On that note, the action is plentiful and masterful. The powerful horns in "Backfire" are a memorable accompaniment to the glossy night-time car chase in Rome; the adrenaline-pumping "Snow Plane" is built around a jittery little string/percussion motif that eventually gathers the full force of the brass section for a truly ear-shattering climax; "Hinx" is brief but aggressive; "Tempus Fugit" reinstates Skyfall's climactic action material; and the sucker-punch finale of "Careless" and "Detonation" teems with suspense, both built around the pulsating electronic rhythm of Skyfall's "The Moors" track.
A more oblique, structural reference to Skyfall comes in the awe-inspiring, choral-led "The Eternal City", a companion piece cue to the former's "Brave New World" in that the music transports us from one area of the world to another (Rome replacing Shanghai in this instance). The latter half of "Backfire" also integrates the opening Skyfall Istanbul chase material, a clever way of suggesting the potentially inescapable cycle of action and violence that Bond finds himself in. Source cue "Day of the Dead" meanwhile features a rambunctious, dynamic arrangement of percussion and vocals courtesy of Latin American percussive ensemble Tambuco. Another enjoyably exotic flavour comes in the fleeting "L'Americain" with its alluring Middle Eastern textures.
One area in which Spectre does have a slight edge over Skyfall is in its romantic material. With the narrative hinging on the presence of two important women characters, Newman is allowed to dip into his revered ability for string-led melody, the tragically-tinged "Donna Lucia" eventually giving rise to a new Bond/Madeleine love theme that carries us through the rest of the score. Preceded by a classically sweeping, Barry-esque piece in "Crows Klinik", the beautiful "Madeleine" is as sensitive and poignant as one would expect from this composer, humanising Bond's character and suggesting that he has a possibility of a future beyond the secret service.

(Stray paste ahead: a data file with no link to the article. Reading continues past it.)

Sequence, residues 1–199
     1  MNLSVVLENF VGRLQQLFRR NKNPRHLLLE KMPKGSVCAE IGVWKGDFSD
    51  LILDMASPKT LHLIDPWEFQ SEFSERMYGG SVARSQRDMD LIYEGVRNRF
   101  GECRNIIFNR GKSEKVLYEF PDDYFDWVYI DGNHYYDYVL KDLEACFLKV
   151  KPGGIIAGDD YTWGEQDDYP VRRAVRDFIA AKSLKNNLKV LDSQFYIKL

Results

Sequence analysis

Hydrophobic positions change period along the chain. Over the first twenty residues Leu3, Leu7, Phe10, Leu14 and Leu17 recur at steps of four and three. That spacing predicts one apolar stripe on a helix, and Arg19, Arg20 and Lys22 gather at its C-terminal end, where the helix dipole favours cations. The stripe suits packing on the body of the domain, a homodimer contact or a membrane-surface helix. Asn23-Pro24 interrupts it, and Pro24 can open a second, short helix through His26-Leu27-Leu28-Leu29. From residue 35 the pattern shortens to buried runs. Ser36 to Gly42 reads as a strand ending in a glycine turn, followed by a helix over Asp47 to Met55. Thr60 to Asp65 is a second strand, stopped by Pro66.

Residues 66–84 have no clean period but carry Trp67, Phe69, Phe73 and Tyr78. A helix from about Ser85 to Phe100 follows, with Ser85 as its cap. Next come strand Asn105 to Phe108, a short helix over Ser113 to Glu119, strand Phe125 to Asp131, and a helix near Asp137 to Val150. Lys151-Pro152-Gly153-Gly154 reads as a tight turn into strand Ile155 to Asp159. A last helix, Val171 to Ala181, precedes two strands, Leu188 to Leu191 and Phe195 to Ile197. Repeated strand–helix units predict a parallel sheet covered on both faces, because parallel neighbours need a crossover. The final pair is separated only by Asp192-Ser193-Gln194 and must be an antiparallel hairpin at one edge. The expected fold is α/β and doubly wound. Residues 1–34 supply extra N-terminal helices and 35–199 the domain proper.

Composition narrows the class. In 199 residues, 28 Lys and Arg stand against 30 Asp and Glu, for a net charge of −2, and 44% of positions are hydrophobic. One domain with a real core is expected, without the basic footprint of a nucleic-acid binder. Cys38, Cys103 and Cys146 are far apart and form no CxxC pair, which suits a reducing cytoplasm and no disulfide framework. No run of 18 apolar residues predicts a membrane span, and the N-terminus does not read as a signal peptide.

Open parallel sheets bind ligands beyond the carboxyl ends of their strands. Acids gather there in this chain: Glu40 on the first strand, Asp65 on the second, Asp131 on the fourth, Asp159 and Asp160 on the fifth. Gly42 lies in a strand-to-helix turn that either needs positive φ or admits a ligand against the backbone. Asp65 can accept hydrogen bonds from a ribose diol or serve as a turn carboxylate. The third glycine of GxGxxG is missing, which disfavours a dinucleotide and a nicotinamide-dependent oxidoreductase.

Later statements in the haunting "Secret Room" (whose piano-led tones recall Newman's finest work) and the sumptuous climactic double-bill "Out of Bullets" and "Spectre/End Title" help bring the piece to a fulsome, satisfying conclusion. What is absent from the soundtrack album is Sam Smith's chart-topping title song "Writing's on the Wall" although Newman does include an instrumental (and presumably obligatory) adaptation of the main melody during a crucial romantic moment between Bond and Madeleine.